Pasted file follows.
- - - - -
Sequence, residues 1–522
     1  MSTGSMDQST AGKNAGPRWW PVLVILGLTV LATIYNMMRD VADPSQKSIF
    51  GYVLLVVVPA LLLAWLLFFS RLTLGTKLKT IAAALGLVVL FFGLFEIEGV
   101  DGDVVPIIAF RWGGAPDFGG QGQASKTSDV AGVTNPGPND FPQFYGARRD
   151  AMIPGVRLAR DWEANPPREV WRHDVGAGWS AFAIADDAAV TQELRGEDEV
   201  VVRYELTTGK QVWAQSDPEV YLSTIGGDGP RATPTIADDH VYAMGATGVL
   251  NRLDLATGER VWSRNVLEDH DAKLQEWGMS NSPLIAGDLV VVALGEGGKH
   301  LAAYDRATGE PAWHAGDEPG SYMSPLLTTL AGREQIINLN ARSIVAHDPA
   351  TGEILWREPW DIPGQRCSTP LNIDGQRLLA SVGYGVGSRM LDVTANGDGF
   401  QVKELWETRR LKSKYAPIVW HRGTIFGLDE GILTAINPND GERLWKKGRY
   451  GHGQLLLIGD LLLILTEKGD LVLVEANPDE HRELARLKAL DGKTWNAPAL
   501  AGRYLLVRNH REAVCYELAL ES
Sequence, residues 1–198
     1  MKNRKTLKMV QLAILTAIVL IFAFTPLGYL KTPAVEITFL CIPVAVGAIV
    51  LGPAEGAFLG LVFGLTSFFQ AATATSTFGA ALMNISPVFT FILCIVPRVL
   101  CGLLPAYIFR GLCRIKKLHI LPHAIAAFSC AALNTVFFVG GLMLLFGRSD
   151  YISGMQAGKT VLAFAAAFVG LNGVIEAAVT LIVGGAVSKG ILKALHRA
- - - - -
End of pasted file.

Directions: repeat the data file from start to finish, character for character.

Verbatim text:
Sequence, residues 1–522
     1  MSTGSMDQST AGKNAGPRWW PVLVILGLTV LATIYNMMRD VADPSQKSIF
    51  GYVLLVVVPA LLLAWLLFFS RLTLGTKLKT IAAALGLVVL FFGLFEIEGV
   101  DGDVVPIIAF RWGGAPDFGG QGQASKTSDV AGVTNPGPND FPQFYGARRD
   151  AMIPGVRLAR DWEANPPREV WRHDVGAGWS AFAIADDAAV TQELRGEDEV
   201  VVRYELTTGK QVWAQSDPEV YLSTIGGDGP RATPTIADDH VYAMGATGVL
   251  NRLDLATGER VWSRNVLEDH DAKLQEWGMS NSPLIAGDLV VVALGEGGKH
   301  LAAYDRATGE PAWHAGDEPG SYMSPLLTTL AGREQIINLN ARSIVAHDPA
   351  TGEILWREPW DIPGQRCSTP LNIDGQRLLA SVGYGVGSRM LDVTANGDGF
   401  QVKELWETRR LKSKYAPIVW HRGTIFGLDE GILTAINPND GERLWKKGRY
   451  GHGQLLLIGD LLLILTEKGD LVLVEANPDE HRELARLKAL DGKTWNAPAL
   501  AGRYLLVRNH REAVCYELAL ES
Sequence, residues 1–198
     1  MKNRKTLKMV QLAILTAIVL IFAFTPLGYL KTPAVEITFL CIPVAVGAIV
    51  LGPAEGAFLG LVFGLTSFFQ AATATSTFGA ALMNISPVFT FILCIVPRVL
   101  CGLLPAYIFR GLCRIKKLHI LPHAIAAFSC AALNTVFFVG GLMLLFGRSD
   151  YISGMQAGKT VLAFAAAFVG LNGVIEAAVT LIVGGAVSKG ILKALHRA